Study: Students Struggle with Mental Health Problems for Years After School Shootings

For two years after a campus shooting, students increase their antidepressant use by more than 21%.

Study: Students Struggle with Mental Health Problems for Years After School Shootings

School shootings negatively affect the mental health of student survivors for years after an attack, according to a report released last week by Stanford University researchers.

The study found that youths who attended a school where a shooting happened increased their use of antidepressants by more than 21% for two years after the shooting, reports KPIX.

The study, released Dec. 16, is the largest study to date on the effects of school shootings on student mental health and was published by the National Bureau of Economic Research. The study examined the effects of 44 school shootings from 2008 to 2013.

According to the researchers, more than 240,000 American students have experienced a shooting in the past two decades.

Previously, an article that ran in October in Politico outlined the quantifiable, devastating effects the 2018 mass shootings at Marjory Stoneman Douglas High School and Santa Fe (Texas) High School have had on the students who survived at those schools, as well as their districts.

Test scores have dropped, and substance abuse and mental health issues have increased as a direct result of these tragedies. These effects were revealed in several federal Project SERV applications from the school districts.

  • 60% of all Santa Fe High School students had visited with a trauma counselor by the end of the school year that followed the campus’ mass shooting
  • Marjory Stoneman Douglas experienced a 78% increase in requests for additional support related to mental, physical and behavioral problems
  • At Parkland, the campus substance abuse incident ranking in the county jumped up 20 places. It formerly ranked near the bottom of high schools with substance abuse issues in the county.
  • Marjory Stoneman Douglas experienced a “dramatic decrease” in students passing English and algebra assessments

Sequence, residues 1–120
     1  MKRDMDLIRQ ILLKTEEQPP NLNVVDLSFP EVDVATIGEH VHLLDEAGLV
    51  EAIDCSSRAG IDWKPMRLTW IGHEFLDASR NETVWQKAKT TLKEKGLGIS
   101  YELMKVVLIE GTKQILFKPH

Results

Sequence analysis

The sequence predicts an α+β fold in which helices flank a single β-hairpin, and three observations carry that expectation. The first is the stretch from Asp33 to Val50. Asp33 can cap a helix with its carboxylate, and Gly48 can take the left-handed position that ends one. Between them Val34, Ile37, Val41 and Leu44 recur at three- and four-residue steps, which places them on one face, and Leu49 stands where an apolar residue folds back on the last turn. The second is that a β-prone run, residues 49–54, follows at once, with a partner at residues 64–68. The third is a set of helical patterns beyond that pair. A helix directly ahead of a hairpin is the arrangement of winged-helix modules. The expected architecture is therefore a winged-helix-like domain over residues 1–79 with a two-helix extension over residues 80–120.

• In the district where Parkland is located:
    • Drug use or possession increased from 511 incidents in 2017 to 637 in 2018
    • “Other major offenses” rose from 317 to 367
    • Physical attacks increased from 34 to 128
    • Threats and intimidation increased from 337 to 368
    • Tobacco offenses increased from 127 to 439

Additionally, there are 200 fewer students enrolled in the Santa Fe ISD this year compared to last year. Half of the loss of students comes from Santa Fe High School where the mass shooting took place.

About the Author

Robin Hattersley Gray
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Robin has been covering the security and campus law enforcement industries since 1998 and is a specialist in school, university and hospital security, public safety and emergency management, as well as emerging technologies and systems integration. She joined CS in 2005 and has authored award-winning editorial on campus law enforcement and security funding, officer recruitment and retention, access control, IP video, network integration, event management, crime trends, the Clery Act, Title IX compliance, sexual assault, dating abuse, emergency communications, incident management software and more. Robin has been featured on national and local media outlets and was formerly associate editor for the trade publication Security Sales & Integration. She obtained her undergraduate degree in history from California State University, Long Beach.

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